Book Review of Roaring by Lindsey Duga

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Title: Roaring

Author: Lindsey Duga

Genre: YA Historical Fantasy

Review by: Dani Hoots

Rating: 5/5

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Back cover:

Colt Clemmons is an agent in a specialized division within the Bureau of Investigation—one that hunts down not just mobsters, but also monsters.

For reasons that are kept top secret, Colt is the only person who can resist a siren’s voice. But he’s never had a chance to test this ability. The last siren left in the world mysteriously disappeared years ago.

Then one night, with a single word, she reveals herself. It seems too good to be true.

And it is. Because nothing about this siren—her past, her powers, or her purpose—is what it seems…

*I received this book from YA Bound Tours for an honest review*

I could not put this book down! This is a great historical fantasy that is set in the 1930s with flappers, speakeasies, and monsters! What more could you want? It felt like Fantastic Beasts and Where to Find Them mixed with Percy Jackson. There were a lot of twists and turns and I found it to be paced perfectly and had the right amount of information that kept me interested.

The main character, a siren, is on the radar of more than one agency. The government wants her, the people who have been hiding her don’t want anyone to know what she is, and her original creator wants her back. Little does she know that her gifts are actually supernatural powers that have been forced upon her at a young age.

That is, until Colt comes in. He throws her life for a loop as he wants to take her back to the US government headquarters. Never did he realize what other mysteries were surrounding her and the other monsters in the dark. A great spin on the genre that kept me wanting more. I hope there are more books in this series, as I want to know what else is in store for them.

I highly recommend for fans of the 1930s and fantasy!

~Dani

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Excerpt:

Still with Madame Maldu’s gaze at my back, I slipped around the bar and headed for the young man sitting by himself, his fedora pulled low over his eyes. His sleeves had been rolled up to his elbows, showing off pale, but muscular, hands, wrists, and arms. It was a warm autumn for Boston, so his lack of coat wasn’t odd, but it stood out. In fact, he was the kind of fella who seemed like he could do whatever he wanted. If his goal was to blend in and not be seen, he could throw on his coat and sit with a drink and not talk to anyone, becoming one with the furniture. If he preferred to stand out, he could tip his hat back, and lift his face and smile, but if he wanted just the right kind of attention, all he needed to do was roll up his sleeves.

I shook my head. How could I have gotten all that from his exposed forearms?

Walking up to his table, I pulled out my waitressing tools and poised my pencil on my pad of paper, awaiting his order.

It was then that he looked up and I got a peak at the face below the hat.

His eyes were dark. It was the first thing I noticed. Eyes where you could barely tell if there were pupils at all.

It was clear he was attractive, but not in a pretty, hotsy-totsy sort of way. His face was geometric. Perfect, square jaw, a straight plane nose, triangular, high cheekbones, and a rectangle forehead. His light brown hair, practically blond, was swept to the side under his hat. But, like Madame Maldu, he was not handsome solely because of his looks, it was his air. His…competence.

A strange way to describe a stranger, perhaps, but it seemed to me that this was a fella who knew his place in life. His past. His present. Maybe even his future.

It wasn’t until he cleared his throat that I realized I was staring. Redirecting my gaze to the pad of paper, I waited for his order, heat creeping up my neck and into my cheeks, and a small shiver going down my spine.

He said nothing.

Glancing up from my pad, I caught him staring as well.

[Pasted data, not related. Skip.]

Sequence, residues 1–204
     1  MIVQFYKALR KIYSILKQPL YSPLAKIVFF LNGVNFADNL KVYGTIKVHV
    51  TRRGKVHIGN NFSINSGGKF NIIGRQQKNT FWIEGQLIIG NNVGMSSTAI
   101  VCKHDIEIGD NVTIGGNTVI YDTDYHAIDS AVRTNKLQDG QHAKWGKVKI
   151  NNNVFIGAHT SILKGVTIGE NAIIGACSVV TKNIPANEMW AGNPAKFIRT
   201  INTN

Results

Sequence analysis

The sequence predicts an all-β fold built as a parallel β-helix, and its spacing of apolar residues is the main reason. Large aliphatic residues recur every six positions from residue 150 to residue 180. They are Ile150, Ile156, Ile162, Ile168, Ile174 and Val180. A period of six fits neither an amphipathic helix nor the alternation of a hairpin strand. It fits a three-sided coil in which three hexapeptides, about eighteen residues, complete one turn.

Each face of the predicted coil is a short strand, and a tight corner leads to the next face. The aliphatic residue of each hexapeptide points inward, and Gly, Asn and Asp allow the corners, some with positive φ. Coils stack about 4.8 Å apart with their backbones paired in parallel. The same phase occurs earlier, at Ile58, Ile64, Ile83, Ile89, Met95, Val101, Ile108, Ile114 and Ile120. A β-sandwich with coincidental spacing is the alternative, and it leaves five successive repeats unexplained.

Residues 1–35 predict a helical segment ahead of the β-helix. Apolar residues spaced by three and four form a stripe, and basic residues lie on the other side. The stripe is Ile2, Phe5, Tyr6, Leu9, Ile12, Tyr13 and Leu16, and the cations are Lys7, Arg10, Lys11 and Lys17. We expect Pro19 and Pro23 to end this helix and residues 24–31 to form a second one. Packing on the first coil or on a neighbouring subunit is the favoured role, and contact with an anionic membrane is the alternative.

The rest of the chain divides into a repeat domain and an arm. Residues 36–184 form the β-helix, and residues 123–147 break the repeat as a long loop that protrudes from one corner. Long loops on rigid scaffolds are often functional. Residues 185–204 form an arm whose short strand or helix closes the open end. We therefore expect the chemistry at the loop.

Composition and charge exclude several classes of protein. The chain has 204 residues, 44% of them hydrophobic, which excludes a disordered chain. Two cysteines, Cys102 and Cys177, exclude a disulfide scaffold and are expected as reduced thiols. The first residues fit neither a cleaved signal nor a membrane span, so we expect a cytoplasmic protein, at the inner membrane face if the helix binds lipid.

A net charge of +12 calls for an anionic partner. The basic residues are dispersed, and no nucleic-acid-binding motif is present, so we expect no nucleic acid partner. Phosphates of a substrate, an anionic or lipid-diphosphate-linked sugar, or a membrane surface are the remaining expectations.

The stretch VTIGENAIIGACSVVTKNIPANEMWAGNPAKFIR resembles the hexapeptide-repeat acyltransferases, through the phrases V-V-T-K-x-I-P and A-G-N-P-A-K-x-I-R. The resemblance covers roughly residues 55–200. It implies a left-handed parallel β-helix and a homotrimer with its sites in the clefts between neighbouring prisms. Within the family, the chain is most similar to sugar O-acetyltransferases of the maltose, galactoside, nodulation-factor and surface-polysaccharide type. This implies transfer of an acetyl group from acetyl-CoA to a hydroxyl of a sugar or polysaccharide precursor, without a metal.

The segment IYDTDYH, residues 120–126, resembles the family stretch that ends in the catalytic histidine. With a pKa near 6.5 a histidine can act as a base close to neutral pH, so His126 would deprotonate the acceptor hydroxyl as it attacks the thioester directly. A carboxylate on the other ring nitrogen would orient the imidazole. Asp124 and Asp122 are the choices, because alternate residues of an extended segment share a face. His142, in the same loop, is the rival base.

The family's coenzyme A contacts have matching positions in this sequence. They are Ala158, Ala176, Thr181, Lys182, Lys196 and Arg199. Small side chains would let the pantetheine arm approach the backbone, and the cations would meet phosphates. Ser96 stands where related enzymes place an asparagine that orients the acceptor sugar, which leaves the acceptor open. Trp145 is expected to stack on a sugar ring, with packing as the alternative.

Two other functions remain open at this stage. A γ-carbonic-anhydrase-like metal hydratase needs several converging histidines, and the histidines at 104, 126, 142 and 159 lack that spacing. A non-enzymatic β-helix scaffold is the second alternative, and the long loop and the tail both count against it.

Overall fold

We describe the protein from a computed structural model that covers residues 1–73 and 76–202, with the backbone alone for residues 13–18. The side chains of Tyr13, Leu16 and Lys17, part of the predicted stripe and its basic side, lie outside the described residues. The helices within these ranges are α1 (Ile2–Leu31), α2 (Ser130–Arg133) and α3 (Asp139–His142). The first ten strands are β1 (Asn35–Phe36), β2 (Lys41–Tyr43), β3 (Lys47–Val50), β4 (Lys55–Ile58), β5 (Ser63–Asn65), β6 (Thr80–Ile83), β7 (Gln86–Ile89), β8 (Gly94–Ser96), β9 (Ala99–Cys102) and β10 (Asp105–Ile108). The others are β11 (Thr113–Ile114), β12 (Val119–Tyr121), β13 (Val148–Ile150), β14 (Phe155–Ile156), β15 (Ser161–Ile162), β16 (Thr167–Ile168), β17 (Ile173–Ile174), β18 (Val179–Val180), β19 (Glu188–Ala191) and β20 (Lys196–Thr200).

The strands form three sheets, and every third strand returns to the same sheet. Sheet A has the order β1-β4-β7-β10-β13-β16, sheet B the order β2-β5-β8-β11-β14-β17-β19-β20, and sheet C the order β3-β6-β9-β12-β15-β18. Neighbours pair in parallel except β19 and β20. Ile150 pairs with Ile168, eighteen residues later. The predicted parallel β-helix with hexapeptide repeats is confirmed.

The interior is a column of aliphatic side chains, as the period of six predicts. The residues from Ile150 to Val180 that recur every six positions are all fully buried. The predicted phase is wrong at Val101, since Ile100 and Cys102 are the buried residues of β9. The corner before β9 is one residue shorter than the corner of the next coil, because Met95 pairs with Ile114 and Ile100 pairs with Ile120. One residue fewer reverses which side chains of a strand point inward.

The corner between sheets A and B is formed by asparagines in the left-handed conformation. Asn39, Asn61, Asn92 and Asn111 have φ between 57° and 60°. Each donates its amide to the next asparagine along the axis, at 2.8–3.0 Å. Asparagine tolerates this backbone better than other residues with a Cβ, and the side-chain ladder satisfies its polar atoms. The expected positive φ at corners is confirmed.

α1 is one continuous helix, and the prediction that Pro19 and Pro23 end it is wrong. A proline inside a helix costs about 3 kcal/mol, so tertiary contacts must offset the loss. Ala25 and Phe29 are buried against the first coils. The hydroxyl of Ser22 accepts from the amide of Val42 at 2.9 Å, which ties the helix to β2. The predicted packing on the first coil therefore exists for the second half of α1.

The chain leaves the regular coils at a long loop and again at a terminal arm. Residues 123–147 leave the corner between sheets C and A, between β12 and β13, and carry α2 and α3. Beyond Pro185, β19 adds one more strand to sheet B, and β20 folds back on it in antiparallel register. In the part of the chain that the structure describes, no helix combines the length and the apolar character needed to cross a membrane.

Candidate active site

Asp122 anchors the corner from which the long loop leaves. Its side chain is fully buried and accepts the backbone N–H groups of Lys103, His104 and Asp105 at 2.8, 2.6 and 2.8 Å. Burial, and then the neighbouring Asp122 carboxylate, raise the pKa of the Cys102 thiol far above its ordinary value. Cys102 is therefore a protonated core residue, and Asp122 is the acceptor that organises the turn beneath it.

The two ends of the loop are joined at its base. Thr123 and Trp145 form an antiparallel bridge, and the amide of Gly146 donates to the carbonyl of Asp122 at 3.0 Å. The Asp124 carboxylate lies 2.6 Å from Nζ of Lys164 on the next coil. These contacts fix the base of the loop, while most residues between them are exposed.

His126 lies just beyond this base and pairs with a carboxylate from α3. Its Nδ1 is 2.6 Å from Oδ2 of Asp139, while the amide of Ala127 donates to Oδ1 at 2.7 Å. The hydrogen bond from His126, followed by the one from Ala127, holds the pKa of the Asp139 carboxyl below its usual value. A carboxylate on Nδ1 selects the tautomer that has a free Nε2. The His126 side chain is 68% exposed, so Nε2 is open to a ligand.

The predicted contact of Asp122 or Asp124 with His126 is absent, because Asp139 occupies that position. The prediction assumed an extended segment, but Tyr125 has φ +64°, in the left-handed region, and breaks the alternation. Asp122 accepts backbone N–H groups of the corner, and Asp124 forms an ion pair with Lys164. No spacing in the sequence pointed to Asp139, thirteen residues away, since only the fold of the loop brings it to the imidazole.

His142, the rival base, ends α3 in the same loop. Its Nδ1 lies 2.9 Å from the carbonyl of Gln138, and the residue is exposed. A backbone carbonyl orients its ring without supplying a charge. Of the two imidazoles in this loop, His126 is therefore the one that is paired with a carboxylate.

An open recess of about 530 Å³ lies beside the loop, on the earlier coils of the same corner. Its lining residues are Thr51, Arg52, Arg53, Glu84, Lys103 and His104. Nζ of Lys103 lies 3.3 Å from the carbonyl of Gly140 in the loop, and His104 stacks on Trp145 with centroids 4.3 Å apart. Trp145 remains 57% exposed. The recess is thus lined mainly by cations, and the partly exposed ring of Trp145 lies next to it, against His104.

Oh. He’s waiting for me. Now even my ears growing hot, I tapped my pad with my pencil, and gestured it toward him, showing him what I couldn’t say in words.

His brow furrowed, and for a worrisome moment, I wondered if he didn’t talk either.

After a few long, silent, and awkward seconds, he asked, “You want to take my order?”

Relieved, I nodded vigorously.

His rectangular brow dented deeper, more into a right angle. “Do you not speak?”

I couldn’t help but admire the quality of his voice. It was a low timbre, a combination of the strings of a cello, the pluck of a bass, and the lingering bottom note of a sax.

Again, I nodded.

The stranger’s brow now seemed to be a straight V, as if this angered or frustrated him somehow. An aura of hostility exuded from him.

Tentatively, I took a step back.

At my retreat, his face cleared and he gave me an easy smile, completely changing the lines of his face into something real handsome.

I’d been right. This man was a chameleon. He wore a rugged grin that would make most gals swoon. Maybe me included, if I hadn’t felt that anger coming off him like heat from a radiator in the dead of winter.

“Not a chatter, eh? That’s all right. I can talk enough for the two of us.” He leaned forward, folding his arms and resting his elbows on the table as his grin widened. I noticed his feet shift, hooking his ankles around the legs of the spindle chair. “If you don’t speak, I guess you can’t tell me your name,” the stranger said, his head cocking in a way that made him look contemplative. “Which is a pity. Lovely dame like you, I bet you’ve got a name to match. Do you mind if I take a few guesses?”

He wanted to guess my name? I merely stared at him. Not sure how to handle this one. Maybe I should back away and let Stanley take his order.

But I had to admit, the stranger intrigued me. It was a scary, thrilling sort of intrigue. Like hearing a scary story. Nerves heightened, bated breath, terrified and yet captivated, thrilled and yet wary.

He was the kind of thrilling a person would want to be brave for.

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About the Author

Lindsey Duga developed a deep love for courageous heroes, dastardly villains, and enchanting worlds from the cartoon shows, books, and graphic novels she read as a kid. Drawing inspiration from these fantastical works of fiction, she wrote her first novel in college while she was getting her bachelor’s in Mass Communication from Louisiana State University. By day, Lindsey is an account manager at a digital marketing agency based in Baton Rouge, Louisiana. By night, and the wee hours of the morning, she writes both middle grade and young adult. She has a weakness for magic, anything classical, all kinds of mythology, and falls in love with tragic heroes. Other than writing and cuddling with her morkie puppy, Delphi, Lindsey loves catching up on the latest superhero TV show, practicing yoga, and listening (and belting) to her favorite music artists and show tunes. KISS OF THE ROYAL is her YA debut novel.